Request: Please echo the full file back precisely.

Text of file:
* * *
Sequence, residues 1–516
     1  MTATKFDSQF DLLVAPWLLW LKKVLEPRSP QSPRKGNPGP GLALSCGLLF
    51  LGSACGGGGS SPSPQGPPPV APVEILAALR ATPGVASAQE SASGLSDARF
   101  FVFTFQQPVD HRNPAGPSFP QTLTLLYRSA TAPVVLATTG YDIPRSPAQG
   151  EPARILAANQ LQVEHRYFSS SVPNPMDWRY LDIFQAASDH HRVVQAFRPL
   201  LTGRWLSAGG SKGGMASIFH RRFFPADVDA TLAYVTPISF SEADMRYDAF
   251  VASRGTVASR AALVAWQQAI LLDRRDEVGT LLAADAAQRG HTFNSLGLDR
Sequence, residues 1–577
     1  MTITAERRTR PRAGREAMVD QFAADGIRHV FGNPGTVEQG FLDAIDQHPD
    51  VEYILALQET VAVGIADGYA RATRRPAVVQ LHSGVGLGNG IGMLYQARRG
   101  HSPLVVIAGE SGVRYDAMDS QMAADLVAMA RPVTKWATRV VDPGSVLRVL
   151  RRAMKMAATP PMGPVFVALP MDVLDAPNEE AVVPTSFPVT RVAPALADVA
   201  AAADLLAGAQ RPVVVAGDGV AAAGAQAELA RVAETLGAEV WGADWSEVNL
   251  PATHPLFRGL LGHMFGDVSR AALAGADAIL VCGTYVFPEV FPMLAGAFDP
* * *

Sequence, residues 1–516
     1  MTATKFDSQF DLLVAPWLLW LKKVLEPRSP QSPRKGNPGP GLALSCGLLF
    51  LGSACGGGGS SPSPQGPPPV APVEILAALR ATPGVASAQE SASGLSDARF
   101  FVFTFQQPVD HRNPAGPSFP QTLTLLYRSA TAPVVLATTG YDIPRSPAQG
   151  EPARILAANQ LQVEHRYFSS SVPNPMDWRY LDIFQAASDH HRVVQAFRPL
   201  LTGRWLSAGG SKGGMASIFH RRFFPADVDA TLAYVTPISF SEADMRYDAF
   251  VASRGTVASR AALVAWQQAI LLDRRDEVGT LLAADAAQRG HTFNSLGLDR
Sequence, residues 1–577
     1  MTITAERRTR PRAGREAMVD QFAADGIRHV FGNPGTVEQG FLDAIDQHPD
    51  VEYILALQET VAVGIADGYA RATRRPAVVQ LHSGVGLGNG IGMLYQARRG
   101  HSPLVVIAGE SGVRYDAMDS QMAADLVAMA RPVTKWATRV VDPGSVLRVL
   151  RRAMKMAATP PMGPVFVALP MDVLDAPNEE AVVPTSFPVT RVAPALADVA
   201  AAADLLAGAQ RPVVVAGDGV AAAGAQAELA RVAETLGAEV WGADWSEVNL
   251  PATHPLFRGL LGHMFGDVSR AALAGADAIL VCGTYVFPEV FPMLAGAFDP